700 Children's® – A Blog by Pediatric Experts

Finally, A Use for the Appendix!

Dec 22, 2022

The appendix is a finger-like tube that is located in the lower section of the stomach and is a part of the gastrointestinal tract. It has a reputation for being an organ that has no use and can cause problems, but now it can be put to work!

The Malone Appendicostomy, also known as the Malone Continence Enema (MACE) or Antegrade Continence Enema (ACE), uses the appendix to create a channel from the belly button to the right side of the colon. The goal of this procedure is to give your child an enema through their belly button daily to keep them clean for poop.

This simple, low risk procedure is ideal for patients who are incontinent of poop or severely constipated due to an anorectal malformation (ARM), Hirschsprung disease, severe functional constipation, or spinal cord issues. It can transform the care of patients suffering from these conditions and get them independent and in control of their own bowel function.

The appendix is prepared and moved, usually with keyhole surgery (laparoscopy) so that it can reach the belly button. A one-way valve is created at the bottom of the appendix, to stop poop from leaking through the appendix and out of the belly button. The appendix is then opened on the end and is joined to the belly button, in a way that it is not seen. This will prevent embarrassment if the child does not want anybody to know about their condition.

A catheter tube is left in the belly button for one month while it all heals. During this time, the tube can be used to flush the colon daily to get your child clean and out of diapers. After that month, you will see your provider to remove the tube in the office and be taught how to put a tube into the Malone daily to continue giving the Malone flush to empty the colon and keep your child clean.

For six months after the catheter tube is removed and you are putting a tube into the Malone daily, a stopper is used to stop the hole from closing. This stopper is a soft piece of silicone that is goes into the Malone and is level with the skin, not irritating to the child. There are a few patients that form scars easily and will need to use the stopper for longer. If you think your child might not be able to tolerate daily use of the tube, a device can be left in that is level with the skin and can be connected to an enema set and disconnected at the end of administration of the Malone flush.

The process of giving a flush through the Malone tube is simple and not traumatic for the child. A thin tube is inserted into the Malone and connected to a bag that is preloaded with the liquid required. If your child has a device in his Malone, this device is connected directly to the bag. The solution is run in over 5 – 10 minutes while your child is sitting on the toilet. There is no mess and no need to transfer your child to the toilet after instilling the fluid. In fact, it is important to get them involved, to insert the tube and to even run the fluid. This teaches them to be independent and gives them autonomy and confidence. Once the flush is finished, the tube is removed, or disconnected, from the device, and your child sits on the toilet until they are clean. Our goal is to get this process to about 45 minutes with different formulations of the flush.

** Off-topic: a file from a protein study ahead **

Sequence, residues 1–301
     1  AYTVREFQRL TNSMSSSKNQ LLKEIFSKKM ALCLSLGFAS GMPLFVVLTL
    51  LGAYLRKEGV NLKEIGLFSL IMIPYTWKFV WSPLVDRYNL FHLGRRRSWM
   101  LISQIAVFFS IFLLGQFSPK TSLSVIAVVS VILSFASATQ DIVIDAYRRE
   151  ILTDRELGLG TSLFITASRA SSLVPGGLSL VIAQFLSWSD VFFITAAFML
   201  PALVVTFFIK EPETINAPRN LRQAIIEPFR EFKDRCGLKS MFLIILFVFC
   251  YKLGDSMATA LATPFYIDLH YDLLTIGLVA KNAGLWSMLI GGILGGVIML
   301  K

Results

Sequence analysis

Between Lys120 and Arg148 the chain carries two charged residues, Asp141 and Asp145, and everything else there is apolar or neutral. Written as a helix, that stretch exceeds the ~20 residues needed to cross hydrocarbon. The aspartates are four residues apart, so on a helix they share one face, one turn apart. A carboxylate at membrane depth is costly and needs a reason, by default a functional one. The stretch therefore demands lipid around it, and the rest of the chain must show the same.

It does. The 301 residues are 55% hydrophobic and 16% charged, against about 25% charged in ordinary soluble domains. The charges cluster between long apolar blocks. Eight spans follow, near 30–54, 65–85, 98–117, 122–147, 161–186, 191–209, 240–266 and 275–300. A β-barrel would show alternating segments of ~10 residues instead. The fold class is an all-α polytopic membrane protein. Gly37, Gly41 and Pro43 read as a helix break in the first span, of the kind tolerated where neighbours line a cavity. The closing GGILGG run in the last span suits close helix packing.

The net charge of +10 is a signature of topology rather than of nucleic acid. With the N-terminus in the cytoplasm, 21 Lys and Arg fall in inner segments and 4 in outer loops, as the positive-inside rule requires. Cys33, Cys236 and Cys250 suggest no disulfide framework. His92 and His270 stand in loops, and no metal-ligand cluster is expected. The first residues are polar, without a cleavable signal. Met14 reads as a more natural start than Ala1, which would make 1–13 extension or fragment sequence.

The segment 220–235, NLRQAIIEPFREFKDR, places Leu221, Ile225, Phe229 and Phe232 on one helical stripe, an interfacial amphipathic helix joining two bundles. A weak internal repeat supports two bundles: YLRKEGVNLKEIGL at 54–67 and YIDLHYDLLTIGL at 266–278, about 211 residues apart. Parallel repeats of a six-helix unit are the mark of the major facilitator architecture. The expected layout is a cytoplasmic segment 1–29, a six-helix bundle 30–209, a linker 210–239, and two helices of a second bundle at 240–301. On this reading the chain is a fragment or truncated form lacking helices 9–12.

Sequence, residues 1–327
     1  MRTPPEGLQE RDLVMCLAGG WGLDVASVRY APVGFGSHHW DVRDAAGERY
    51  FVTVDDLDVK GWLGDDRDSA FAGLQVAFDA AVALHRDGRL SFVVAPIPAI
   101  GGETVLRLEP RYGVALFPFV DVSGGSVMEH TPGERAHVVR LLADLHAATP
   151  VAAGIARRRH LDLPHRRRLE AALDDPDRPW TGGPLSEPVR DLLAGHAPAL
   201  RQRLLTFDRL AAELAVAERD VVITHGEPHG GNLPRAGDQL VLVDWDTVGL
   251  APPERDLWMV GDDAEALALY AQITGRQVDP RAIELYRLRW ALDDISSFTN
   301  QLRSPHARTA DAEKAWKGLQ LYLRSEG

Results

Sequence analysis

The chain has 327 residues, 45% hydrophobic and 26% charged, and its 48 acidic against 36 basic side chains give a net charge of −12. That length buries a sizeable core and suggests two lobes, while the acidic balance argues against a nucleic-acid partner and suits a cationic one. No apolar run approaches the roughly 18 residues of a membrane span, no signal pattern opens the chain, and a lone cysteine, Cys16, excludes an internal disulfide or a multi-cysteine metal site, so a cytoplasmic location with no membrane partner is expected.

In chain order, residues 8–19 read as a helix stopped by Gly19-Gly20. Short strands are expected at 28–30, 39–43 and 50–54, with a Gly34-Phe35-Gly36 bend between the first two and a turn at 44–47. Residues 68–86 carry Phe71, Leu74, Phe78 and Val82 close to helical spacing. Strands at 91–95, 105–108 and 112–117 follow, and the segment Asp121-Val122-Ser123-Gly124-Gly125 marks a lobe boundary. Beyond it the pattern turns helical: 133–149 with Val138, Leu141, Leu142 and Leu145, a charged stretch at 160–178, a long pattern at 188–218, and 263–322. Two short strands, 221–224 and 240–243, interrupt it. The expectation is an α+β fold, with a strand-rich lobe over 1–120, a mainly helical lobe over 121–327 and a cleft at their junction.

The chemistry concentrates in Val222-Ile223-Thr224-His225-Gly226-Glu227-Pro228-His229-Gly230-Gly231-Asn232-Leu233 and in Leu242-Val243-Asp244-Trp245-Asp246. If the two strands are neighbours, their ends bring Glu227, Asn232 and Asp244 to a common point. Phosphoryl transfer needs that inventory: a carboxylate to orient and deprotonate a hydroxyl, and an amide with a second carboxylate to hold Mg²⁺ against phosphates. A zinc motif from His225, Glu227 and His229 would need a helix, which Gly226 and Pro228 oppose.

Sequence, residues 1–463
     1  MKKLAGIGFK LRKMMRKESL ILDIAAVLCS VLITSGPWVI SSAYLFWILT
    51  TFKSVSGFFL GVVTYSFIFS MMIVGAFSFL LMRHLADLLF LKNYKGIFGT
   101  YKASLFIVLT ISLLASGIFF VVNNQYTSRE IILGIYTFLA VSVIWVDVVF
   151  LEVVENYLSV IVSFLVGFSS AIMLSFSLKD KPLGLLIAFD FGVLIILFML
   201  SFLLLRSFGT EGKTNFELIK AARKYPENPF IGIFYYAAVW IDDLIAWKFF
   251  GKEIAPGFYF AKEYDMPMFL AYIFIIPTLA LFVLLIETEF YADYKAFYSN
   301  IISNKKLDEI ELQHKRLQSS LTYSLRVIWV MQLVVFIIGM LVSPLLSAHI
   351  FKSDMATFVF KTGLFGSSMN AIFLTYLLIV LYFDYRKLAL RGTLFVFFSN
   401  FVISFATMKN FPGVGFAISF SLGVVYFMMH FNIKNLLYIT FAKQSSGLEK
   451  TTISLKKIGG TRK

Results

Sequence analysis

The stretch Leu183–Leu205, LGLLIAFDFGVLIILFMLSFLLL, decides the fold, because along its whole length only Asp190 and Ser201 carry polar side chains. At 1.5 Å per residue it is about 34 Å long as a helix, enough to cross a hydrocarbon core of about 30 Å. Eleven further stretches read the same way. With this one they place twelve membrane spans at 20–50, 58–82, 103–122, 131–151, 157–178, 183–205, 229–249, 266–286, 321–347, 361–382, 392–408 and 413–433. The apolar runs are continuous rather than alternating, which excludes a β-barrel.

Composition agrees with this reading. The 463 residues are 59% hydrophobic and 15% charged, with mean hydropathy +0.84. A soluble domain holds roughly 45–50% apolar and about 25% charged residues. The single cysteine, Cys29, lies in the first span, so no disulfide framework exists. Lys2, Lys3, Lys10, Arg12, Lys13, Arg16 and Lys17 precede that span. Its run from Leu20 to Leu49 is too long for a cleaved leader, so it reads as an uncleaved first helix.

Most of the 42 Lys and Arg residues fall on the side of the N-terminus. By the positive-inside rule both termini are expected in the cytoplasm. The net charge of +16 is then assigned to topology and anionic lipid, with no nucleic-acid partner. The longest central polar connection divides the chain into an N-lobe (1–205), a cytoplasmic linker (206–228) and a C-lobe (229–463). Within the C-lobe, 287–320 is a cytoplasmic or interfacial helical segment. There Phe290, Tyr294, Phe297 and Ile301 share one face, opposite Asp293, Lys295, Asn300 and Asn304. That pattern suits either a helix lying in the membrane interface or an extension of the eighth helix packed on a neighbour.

The Malone flush is usually made up of water or saline and an added stimulant. The stimulant (glycerin, bisacodyl or senna) causes the colon to contract and force the poop out along with the flush. If the stimulant is too strong, it causes cramping pain, so the ideal solution is strong enough to clean the colon, but not too strong as to cause pain.

The advantages of this procedure over other techniques are that no laxatives need to be taken by mouth, there is nothing inserted into the anus and rectum, there is no mess involved, and the child can gain independence when they develop the coordination and maturity to insert the tube themselves. This usually happens after the age of 6 years. The disadvantages are that it does involve a minor operation, and there are risks and complications that can occur. These are usually minor, but the child will need a full anesthetic and a 2–3-day hospital stay after the procedure. In the right circumstances, the benefits far outweigh the risks and life of the child can be vastly improved.

Center for Colorectal and Pelvic Reconstruction at Nationwide Children's Hospital
Learn More

Featured Expert

Chris Westgarth-Taylor, MD
Chris Westgarth-Taylor, MD
Center for Colorectal and Pelvic Reconstruction

Christopher J. Westgarth-Taylor, MD, is Director of Colorectal Surgery for the Center of Colorectal and Pelvic Reconstruction at Nationwide Children’s Hospital.

All Topics

Browse by Author

About this Blog

Pediatric News You Can Use From America’s Largest Pediatric Hospital and Research Center

700 Children’s® features the most current pediatric health care information and research from our pediatric experts – physicians and specialists who have seen it all. Many of them are parents and bring a special understanding to what our patients and families experience. If you have a child – or care for a child – 700 Children’s was created especially for you.